Downtown - as the hub of politicos and business power-brokers - abounds with superb restaurants, including the wonderfully atmospheric St. Elmo Steak House, which has been grilling hefty chops since 1902 and is justly famous for its eye-wateringly spicy shrimp cocktail. Tastings Wine Bar and Bistro, with more than 100 wines by the glass and excellent food for pairing, and Bluebeard, are a couple of other strong candidates for a fine meal. Or for a more casual and festive experience on the northern edge of downtown, gay-owned English Ivy's is a terrific spot to begin a night of bar-hopping, and Downtown Olly's is a friendly little sports bar and restaurant that's long been a favorite with the LGBTQ community.
Wherever you dine, Saturday night is ideal for hitting the gay clubs on the north side of the city. Hot spots around here include Greg's, one of the city's longest-running gay nightspots and a popular place for watching videos. Neighborhood joint Tini is another great option.
Devote some time on Sunday to visiting one of the city's most charming neighborhoods, Broad Ripple Village, a 10-mile drive north of downtown. On the way there or back, plan to spend at least an hour or two at the stellar Indianapolis Museum of Art at Newfields and its surrounding 100-acre Virginia B. Fairbanks Art & Nature Park and Oldfields-Lilly House & Gardens. The museum contains some 50,000 works of art, including an esteemed collection of American painting and sculpture that includes pieces by such noted LGBTQ artists as Marsden Hartley, John Singer Sargent, and local luminary Robert Indiana.
In Broad Ripple Village, you'll find diverting shops and boutiques, plus some excellent venues for Sunday brunch. Here, too, you can jog or bike the rails-to-trails Monon Trail. For brunch, consider 3 Sisters Cafe, where breakfast is available all day, or Taste Cafe & Marketplace, which serves everything from Belgian waffles topped with fresh berries to bountiful salads. Or for perfectly brewed coffee, stop inside dapper Hubbard & Cravens Coffee & Tea. While in the neighborhood, you might also book a rejuvenating treatment at the Spa at French Pharmacie.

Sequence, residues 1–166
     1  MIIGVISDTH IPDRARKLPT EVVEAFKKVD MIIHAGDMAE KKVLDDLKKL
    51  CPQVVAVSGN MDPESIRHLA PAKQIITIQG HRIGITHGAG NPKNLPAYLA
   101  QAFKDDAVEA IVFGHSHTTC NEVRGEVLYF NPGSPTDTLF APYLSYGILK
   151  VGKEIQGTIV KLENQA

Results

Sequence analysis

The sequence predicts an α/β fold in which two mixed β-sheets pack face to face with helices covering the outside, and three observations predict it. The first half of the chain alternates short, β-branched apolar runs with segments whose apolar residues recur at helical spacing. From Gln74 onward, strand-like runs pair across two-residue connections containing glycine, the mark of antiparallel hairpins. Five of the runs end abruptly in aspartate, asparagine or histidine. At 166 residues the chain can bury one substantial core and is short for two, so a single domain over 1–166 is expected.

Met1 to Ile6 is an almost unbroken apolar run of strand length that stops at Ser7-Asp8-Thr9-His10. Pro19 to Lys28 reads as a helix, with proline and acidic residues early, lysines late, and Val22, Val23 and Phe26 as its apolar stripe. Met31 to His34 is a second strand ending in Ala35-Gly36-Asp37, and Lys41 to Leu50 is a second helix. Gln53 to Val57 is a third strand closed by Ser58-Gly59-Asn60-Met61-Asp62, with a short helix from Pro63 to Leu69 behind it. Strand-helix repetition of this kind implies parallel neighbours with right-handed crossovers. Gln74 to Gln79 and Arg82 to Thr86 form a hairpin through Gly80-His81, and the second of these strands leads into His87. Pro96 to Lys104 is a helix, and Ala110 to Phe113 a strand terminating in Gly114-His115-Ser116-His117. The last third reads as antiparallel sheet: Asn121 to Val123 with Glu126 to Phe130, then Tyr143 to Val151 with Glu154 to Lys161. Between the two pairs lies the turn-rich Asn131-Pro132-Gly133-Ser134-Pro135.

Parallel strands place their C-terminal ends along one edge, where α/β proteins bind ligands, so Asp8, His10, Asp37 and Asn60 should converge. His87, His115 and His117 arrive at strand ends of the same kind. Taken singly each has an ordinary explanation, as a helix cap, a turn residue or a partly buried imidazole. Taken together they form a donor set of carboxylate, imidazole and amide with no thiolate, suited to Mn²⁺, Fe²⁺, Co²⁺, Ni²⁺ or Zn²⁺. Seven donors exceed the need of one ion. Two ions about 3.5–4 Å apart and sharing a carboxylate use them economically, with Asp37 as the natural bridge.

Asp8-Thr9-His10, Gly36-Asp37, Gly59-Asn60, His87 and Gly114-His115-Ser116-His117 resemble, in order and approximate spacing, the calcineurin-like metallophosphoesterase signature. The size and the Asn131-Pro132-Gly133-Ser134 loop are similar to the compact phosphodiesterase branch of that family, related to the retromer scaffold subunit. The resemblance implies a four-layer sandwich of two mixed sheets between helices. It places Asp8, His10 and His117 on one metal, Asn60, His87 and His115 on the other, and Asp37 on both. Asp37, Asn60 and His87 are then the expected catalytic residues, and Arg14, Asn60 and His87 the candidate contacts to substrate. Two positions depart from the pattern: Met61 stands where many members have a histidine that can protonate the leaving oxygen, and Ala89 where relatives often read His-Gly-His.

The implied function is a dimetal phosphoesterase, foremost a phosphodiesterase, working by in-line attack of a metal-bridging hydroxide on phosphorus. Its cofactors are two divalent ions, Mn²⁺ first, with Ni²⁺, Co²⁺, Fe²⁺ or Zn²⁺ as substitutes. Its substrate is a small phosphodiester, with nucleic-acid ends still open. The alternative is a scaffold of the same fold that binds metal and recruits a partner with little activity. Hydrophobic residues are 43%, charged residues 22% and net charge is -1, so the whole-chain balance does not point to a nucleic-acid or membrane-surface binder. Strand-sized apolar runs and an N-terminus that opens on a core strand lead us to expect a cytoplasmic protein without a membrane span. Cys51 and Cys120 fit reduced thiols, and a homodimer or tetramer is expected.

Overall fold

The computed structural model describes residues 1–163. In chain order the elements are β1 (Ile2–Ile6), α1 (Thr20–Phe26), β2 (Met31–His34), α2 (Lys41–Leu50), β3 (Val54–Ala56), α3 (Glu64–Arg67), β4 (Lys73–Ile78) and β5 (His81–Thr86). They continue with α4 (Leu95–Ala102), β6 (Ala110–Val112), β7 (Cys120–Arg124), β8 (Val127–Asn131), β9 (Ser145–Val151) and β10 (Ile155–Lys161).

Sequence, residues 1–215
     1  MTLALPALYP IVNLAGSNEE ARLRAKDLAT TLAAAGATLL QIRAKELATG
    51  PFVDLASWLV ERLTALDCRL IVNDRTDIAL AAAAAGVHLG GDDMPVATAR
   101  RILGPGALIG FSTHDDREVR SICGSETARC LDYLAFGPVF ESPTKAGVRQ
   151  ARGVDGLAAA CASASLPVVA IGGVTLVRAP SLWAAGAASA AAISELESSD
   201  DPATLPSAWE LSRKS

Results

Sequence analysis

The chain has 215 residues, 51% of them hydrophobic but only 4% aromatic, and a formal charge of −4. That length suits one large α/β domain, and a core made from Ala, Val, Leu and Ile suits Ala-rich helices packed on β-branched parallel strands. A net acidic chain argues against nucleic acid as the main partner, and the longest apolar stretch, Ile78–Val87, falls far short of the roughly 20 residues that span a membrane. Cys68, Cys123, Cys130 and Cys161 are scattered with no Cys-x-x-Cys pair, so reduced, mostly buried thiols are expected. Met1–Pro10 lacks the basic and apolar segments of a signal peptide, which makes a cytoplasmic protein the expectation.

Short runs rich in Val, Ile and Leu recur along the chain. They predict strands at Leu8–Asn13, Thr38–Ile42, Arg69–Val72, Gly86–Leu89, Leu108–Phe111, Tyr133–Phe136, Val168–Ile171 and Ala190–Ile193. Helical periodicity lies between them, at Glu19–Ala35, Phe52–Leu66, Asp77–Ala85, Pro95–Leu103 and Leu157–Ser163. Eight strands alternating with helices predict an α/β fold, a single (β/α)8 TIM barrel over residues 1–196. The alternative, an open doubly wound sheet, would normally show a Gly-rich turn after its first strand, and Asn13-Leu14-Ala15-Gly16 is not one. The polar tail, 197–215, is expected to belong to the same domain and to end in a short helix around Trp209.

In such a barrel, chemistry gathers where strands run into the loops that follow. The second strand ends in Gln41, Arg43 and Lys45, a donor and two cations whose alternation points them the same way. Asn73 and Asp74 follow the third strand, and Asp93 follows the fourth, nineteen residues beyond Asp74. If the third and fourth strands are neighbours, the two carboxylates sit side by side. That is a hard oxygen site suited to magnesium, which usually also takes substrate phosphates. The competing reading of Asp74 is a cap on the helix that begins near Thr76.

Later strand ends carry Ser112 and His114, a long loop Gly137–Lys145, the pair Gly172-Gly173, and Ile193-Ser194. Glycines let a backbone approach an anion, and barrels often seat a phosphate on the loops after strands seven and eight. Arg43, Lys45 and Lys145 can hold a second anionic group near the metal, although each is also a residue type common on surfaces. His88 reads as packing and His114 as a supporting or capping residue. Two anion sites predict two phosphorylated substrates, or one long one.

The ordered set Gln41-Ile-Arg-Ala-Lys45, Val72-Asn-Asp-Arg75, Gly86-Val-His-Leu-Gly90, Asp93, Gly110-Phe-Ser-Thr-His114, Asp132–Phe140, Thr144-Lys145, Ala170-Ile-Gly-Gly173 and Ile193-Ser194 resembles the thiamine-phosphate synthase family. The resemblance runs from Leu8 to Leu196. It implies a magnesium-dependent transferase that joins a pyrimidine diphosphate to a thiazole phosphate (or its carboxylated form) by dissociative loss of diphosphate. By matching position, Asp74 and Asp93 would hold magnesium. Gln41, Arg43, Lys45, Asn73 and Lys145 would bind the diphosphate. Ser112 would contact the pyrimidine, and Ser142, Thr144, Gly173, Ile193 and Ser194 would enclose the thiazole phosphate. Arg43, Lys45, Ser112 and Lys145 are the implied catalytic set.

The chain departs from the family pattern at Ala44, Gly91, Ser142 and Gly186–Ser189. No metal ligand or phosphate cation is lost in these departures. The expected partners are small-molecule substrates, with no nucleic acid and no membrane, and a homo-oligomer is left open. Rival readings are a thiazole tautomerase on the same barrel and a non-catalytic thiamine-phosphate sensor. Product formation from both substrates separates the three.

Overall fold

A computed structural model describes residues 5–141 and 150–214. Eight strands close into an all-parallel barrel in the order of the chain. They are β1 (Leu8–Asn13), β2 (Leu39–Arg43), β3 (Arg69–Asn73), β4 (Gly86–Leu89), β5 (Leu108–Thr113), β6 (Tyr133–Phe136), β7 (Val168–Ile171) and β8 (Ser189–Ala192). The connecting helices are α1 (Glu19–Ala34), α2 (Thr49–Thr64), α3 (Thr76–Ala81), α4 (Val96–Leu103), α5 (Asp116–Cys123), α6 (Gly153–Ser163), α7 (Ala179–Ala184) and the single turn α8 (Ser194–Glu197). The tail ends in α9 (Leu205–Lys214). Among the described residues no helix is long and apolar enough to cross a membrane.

You could always stick around Broad Ripple Village for dinner (Captain Sushi prepares creative sushi and creative Pan-Asian cuisine. A few blocks away, you might even stop for a drink at the atmospherically old-school Red Key Tavern, a favorite hangout of late native son and novelist Kurt Vonnegut.
If you're still up for a bit of bar-hopping, try some of the city's mainstream nightspots, where you may not encounter too many fellow gay travelers, but you are sure to find an eclectic, friendly staff and great people-watching. Just about all of the bars along Mass Avenue have at least a bit of a GLBT presence - the cozy Ball & Biscuit is a favorite, renowned for its well-crafted cocktails and clubby vibe. A couple of blocks from Lucas Oil Stadium (home of the Colts), Tavern on South carries a great selection of the several exceptional beers brewed in Indiana, from Sun King Osiris to Mad Anthony Auburn Lager. And the Brass Ring Lounge, a cool hangout in the eclectic Fountain Square neighborhood, is especially fun on a warm evening, as it has ample outdoor seating.
Indianapolis makes an excellent base for exploring central Indiana. If you have some extra time, make the 15-mile drive northwest to Zionsville, with its charming downtown of tree-lined streets and distinctive cafes and shops - it's worth the trip just to experience lunch at the famed Traders Point Creamery and Restaurant, which produces delicious handcrafted cheeses, ice cream, and both flavored and unflavored milks from its adjacent organic dairy farm.
Farther afield, the progressive college town of Bloomington has become known nationally as one of the gay-friendliest small cities in the country. Home to Indiana University, the city has a number of first-rate museums and is also home to one of the foremost institutions on human sexuality, the Kinsey Institute, which has a small but fascinating museum.
Please visit Hayden's List for reviews of Indy's top LGBTQ-friendly accomodations, restaurants, attractions, and more.